Politicians typically are outgoing, often enthusiastic people happy to work a crowd offering a warm smile with a wave and handshake for all.
Elected five times as Hardin County’s judge-executive, Harry Berry is a self-described introvert.
He discovered he enjoys the door-to-door retail campaigning necessary in local elections. And with a firm grip on his beliefs plus illustrations and details to explain them, he also is a capable public speaker. But Berry isn’t fond of the limelight that comes with his role.
Berry’s ability to win and retain his office relies on his devotion to the work, his resolve to stay on course plus the good fortune of timing that coincided with a community leaning toward conservative precepts.
Unlike other candidates, he didn’t rely on lifelong friendships or deep community roots to undergird his candidacy. A former U.S. Army engineer, he and his wife, Jill, picked Hardin County as their retirement home through the same analytical process familiar to those who have watched his 17-year process as the county’s chief executive.
Often assigned to duties in the Washington, D.C., area, they wanted out of a congested city environment but were interested in staying near enough to access some of the amenities of that life. They also wanted access to services afforded at military installations and to raise their daughter near family – Jill’s parents are in Hopkins County.
Although their familiarity with Hardin County basically was limited to passing through on the parkway, they settled on Elizabethtown after considering multiple options around St. Louis, Nashville and Louisville.
That decision, based solely on family desires, has changed the course of this community.
Berry recently announced his decision to step aside after this four-year term closes. Again, he chose to step outside the norm by making the announcement with three years left to serve.
He said he’s committed to working just as diligently on the way out as he did when first selected by local voters. Based on his track record, there’s no reason to question that statement.
Berry also said he has no concern about accepting a three-year lame duck status because of his established relationship with county staff, Hardin Fiscal Court and other community leaders.
It’s now obvious he also made an early announcement in order to clear a path for Daniel London, the deputy judge-executive he hired, who has an interest in being his successor.
On the verge of publicly announcing his candidacy, London has Berry’s support. In his characteristic straight-forward manner, Berry didn’t want to be coy with voters and dance around his own plans while privately rooting for London.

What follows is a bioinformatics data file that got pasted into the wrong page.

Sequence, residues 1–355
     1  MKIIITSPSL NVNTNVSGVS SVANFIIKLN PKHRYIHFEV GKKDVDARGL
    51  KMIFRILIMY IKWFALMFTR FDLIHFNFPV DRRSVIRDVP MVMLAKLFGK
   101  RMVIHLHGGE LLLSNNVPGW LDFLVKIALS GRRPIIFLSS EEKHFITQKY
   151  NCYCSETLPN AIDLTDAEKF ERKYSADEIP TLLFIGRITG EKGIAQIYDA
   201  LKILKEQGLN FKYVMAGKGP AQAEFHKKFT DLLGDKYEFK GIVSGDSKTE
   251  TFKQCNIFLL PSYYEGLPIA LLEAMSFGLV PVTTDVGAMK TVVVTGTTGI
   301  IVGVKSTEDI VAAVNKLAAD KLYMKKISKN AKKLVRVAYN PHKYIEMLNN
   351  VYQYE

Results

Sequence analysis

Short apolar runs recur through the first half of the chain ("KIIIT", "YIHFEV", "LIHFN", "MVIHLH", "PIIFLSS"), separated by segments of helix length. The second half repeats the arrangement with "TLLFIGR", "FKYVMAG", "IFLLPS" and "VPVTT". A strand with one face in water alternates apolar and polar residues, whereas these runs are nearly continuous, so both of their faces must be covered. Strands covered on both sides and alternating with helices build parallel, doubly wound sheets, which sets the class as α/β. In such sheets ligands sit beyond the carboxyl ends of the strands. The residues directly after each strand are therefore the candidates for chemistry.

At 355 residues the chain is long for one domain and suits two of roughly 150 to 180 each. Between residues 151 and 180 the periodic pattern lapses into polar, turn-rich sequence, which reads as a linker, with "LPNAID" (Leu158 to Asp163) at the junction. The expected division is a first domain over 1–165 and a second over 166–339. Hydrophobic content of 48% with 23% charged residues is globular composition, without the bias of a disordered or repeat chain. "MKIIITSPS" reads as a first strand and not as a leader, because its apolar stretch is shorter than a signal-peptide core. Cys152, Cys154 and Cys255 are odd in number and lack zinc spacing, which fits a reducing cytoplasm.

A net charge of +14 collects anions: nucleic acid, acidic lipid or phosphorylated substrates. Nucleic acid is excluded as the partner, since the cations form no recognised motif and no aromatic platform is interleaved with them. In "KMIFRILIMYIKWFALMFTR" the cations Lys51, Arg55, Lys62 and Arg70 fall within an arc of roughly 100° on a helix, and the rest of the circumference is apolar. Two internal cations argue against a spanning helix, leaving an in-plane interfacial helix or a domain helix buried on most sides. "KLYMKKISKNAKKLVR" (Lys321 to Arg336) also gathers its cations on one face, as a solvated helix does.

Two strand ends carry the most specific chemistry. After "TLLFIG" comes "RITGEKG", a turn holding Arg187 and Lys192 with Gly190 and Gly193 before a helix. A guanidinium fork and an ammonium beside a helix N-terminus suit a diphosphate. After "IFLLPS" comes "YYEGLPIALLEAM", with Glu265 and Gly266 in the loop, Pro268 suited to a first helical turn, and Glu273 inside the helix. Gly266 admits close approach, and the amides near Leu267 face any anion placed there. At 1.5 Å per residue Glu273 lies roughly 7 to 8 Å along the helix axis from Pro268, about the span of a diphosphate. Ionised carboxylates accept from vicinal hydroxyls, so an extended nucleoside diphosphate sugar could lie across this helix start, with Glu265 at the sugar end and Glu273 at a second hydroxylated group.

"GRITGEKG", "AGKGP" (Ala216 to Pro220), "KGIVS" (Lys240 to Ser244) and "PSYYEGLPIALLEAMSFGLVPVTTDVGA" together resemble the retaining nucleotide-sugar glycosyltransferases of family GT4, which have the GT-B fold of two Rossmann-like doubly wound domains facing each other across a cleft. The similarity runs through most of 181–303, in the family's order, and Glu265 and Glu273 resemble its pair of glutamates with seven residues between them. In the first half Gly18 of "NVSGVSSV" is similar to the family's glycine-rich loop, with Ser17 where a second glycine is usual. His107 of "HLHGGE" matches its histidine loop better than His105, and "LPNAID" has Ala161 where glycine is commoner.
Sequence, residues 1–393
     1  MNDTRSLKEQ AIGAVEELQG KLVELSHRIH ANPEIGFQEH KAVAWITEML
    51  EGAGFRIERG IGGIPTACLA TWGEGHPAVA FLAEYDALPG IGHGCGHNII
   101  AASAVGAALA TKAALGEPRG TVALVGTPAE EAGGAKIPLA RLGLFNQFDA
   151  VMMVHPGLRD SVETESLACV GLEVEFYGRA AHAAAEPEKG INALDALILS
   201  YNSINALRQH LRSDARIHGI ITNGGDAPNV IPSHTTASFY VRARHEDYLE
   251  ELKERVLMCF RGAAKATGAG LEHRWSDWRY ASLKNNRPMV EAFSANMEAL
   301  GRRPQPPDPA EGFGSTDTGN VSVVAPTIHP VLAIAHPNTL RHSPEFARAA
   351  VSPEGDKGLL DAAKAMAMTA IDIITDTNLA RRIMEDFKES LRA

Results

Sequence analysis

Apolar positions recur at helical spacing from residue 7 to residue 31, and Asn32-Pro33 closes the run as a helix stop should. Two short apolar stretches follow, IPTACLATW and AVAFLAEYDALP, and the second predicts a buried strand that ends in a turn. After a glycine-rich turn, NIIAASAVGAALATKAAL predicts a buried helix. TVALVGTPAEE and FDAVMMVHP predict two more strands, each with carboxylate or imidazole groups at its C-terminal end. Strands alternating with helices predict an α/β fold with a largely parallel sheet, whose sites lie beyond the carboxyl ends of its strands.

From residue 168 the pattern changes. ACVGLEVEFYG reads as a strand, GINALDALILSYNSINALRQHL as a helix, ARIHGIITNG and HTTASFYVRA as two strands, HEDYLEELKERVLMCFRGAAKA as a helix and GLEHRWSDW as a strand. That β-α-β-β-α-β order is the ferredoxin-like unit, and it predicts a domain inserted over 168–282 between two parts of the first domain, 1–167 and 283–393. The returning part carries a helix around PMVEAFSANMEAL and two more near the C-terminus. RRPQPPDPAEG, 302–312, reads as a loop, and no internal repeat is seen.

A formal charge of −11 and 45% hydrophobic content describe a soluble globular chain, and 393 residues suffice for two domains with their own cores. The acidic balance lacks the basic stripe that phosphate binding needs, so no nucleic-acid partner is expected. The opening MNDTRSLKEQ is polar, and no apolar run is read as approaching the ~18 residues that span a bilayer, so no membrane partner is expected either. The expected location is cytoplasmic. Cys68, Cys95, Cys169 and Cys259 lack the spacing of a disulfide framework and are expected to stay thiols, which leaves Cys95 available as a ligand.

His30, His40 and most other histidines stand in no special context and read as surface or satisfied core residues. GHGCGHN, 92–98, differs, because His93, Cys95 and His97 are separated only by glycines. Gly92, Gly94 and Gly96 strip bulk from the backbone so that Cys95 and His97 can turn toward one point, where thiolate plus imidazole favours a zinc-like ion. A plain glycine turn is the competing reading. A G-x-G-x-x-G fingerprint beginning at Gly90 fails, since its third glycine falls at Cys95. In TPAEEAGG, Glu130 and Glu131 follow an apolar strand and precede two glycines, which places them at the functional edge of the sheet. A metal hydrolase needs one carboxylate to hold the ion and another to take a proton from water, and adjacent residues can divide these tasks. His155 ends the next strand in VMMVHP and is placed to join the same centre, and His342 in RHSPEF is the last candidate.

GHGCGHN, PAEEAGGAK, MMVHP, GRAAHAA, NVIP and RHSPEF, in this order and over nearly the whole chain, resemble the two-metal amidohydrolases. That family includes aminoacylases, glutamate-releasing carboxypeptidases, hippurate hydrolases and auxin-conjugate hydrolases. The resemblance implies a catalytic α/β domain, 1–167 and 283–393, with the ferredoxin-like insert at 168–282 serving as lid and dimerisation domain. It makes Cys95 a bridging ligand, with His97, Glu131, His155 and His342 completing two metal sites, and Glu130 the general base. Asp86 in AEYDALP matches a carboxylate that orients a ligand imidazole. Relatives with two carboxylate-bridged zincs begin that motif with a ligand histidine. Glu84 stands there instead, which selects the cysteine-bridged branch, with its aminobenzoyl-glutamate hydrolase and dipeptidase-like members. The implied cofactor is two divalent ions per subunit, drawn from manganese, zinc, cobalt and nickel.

At the completion of this term, Berry will have served 20 years. That’s equal to the time R.R. “Babe” Thomas spent in the job and second only to H.B. Fife’s 24-year tenure. Like those forerunners, his impact will be felt for years to come.
Berry’s accomplishments, which likely will grow over the next three years, include putting the county on solid financial footing, creating a professional, business-like approach to hiring and operations, improving emergency services and 911, modernized technology and equipment, establishing community recycling and related program such as e-scrap, upgrade governmental facilities ranging from the landfill and road department to relocating county government offices to a modern, four-story complex more centrally located.
Perhaps his largest achievements and certainly most time consuming have come with his role as chairman of Hardin Memorial Health.
The hospital and its 50 or so related facilities throughout the region have seen extraordinary growth through following a specific business plan directed at improving patient outcomes and experiences. In that period, Berry twice was recognized with the Health Care Governance Leadership Award by the Kentucky Hospital Association.
Berry will be quick to tell you none of these accomplishments are his alone. He’s worked with advocates and opponents to find solutions.
He’s also struggled and at times failed. He has disappointments in his job such as any of us might. But he’s contributed in ways beyond what most of us ever will.
As his adopted home, Hardin County owes a debt of thanks to Harry Berry. In this long farewell from office, he’ll likely be thrust into that spotlight, which makes him feel uncomfortable, as others express their appreciation.
This editorial reflects a consensus of The News-Enterprise editorial board.